All Care Guides

Coping With the Loss of a Pet

Grief is a natural reaction to the loss of a pet. Regardless of whether the pet is old or young, or whether the loss is expected or sudden, family members and other people who were close to the pet will experience similar feelings when a beloved pet dies. These feelings, commonly called the five stages of grief, are the same as those experienced when a person passes away.

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Corneal Ulceration

The cornea is the thin, transparent covering of cells on the front of the eye. The cells that make up the cornea are very fragile, so anything that rubs, scrapes, or irritates the eye can damage this thin layer of cells or rub some of them off. This is called a corneal ulcer. Corneal ulceration can occur if the eye is irritated by chemicals, dust, or inadequate tear production. Trauma, such as scratching, can also cause a corneal ulcer.

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Cranial Cruciate Ligament Rupture

Cranial cruciate ligament (CCL) rupture is one of the most common orthopedic problems in dogs. A dog’s stifle joint corresponds to the human knee joint, and the CCL is comparable to the anterior cruciate ligament (ACL) in humans. Just as in humans, a partial or complete rupture of this ligament is debilitating and extremely painful, resulting in lameness and joint instability. Untreated, CCL rupture results in additional degenerative changes in the joint and, eventually, osteoarthritis. CCL rupture can occur in any dog. Risk factors include obesity, existing osteoarthritis or instability in the knee, and a lack of proper conditioning for the activity taking place, such as a normally sedentary dog that suddenly begins vigorous play.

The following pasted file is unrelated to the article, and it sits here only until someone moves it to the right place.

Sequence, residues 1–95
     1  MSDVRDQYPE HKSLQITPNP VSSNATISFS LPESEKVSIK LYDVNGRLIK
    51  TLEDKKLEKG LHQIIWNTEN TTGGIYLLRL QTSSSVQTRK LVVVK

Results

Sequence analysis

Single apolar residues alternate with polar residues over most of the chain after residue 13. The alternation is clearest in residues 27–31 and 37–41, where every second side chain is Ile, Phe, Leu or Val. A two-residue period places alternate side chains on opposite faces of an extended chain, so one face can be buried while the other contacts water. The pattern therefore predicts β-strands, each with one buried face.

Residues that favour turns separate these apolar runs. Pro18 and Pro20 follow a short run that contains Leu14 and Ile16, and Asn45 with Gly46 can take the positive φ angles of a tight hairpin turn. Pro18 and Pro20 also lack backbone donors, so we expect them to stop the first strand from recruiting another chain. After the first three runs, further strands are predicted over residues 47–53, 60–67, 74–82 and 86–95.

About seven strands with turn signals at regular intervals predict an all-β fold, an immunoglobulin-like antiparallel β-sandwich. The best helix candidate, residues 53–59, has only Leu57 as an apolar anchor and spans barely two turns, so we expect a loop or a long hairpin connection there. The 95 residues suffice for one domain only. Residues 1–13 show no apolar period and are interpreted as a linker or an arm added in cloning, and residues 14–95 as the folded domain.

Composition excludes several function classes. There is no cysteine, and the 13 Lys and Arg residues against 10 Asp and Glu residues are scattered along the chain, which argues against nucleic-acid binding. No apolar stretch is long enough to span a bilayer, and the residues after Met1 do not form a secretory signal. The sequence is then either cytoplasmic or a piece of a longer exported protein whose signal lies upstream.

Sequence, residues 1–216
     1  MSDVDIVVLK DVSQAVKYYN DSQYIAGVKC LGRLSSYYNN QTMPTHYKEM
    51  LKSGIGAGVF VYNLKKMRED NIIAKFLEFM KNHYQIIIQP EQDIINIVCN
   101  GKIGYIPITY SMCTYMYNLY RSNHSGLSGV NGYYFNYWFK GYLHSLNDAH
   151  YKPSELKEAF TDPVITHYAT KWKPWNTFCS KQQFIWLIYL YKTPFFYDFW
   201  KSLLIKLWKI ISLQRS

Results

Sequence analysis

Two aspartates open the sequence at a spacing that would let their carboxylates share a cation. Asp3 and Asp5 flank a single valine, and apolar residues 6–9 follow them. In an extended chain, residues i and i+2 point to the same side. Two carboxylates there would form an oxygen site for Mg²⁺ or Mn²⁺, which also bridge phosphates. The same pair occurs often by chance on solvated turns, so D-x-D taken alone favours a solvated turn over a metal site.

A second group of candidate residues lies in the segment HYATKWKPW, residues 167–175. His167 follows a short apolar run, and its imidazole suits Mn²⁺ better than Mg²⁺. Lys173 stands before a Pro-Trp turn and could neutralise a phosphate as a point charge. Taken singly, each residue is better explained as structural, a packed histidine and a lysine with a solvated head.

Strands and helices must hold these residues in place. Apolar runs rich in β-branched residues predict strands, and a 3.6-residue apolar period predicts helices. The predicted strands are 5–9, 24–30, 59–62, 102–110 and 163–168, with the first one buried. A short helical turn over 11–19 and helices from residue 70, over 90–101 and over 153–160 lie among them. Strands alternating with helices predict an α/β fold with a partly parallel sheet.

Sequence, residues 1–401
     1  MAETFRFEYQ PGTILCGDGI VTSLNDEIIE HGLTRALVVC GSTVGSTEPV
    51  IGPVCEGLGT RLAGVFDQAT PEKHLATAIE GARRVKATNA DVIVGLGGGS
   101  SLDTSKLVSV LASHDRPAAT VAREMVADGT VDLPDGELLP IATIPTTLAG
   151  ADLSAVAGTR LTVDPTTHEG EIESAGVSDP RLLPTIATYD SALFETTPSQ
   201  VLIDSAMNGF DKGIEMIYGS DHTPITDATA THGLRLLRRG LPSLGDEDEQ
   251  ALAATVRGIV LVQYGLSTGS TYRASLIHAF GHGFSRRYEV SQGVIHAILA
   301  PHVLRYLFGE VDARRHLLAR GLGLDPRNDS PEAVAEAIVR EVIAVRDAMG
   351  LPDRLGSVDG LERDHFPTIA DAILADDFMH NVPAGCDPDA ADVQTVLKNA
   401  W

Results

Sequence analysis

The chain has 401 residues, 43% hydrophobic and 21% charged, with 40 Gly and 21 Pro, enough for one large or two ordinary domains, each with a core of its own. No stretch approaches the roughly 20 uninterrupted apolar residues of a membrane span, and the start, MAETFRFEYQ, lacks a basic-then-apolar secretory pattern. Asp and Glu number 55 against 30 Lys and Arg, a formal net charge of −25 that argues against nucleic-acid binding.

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Creatinine Level

Creatinine is a substance that the body produces during normal metabolism. The body eliminates creatinine almost exclusively through the kidneys’ filtration process, so measurement of creatinine is an accurate estimation of how well the kidney filtration processes are working. Anything that alters the ability of the kidneys to filter efficiently (such as dehydration) can cause changes in the level of creatinine in the blood.

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Cushing's Disease

Cushing's disease occurs when the body produces and releases excessive amounts of a hormone called cortisol. It is named after the doctor who first described it in people. The veterinary medical term for Cushing's disease is hyperadrenocorticism.

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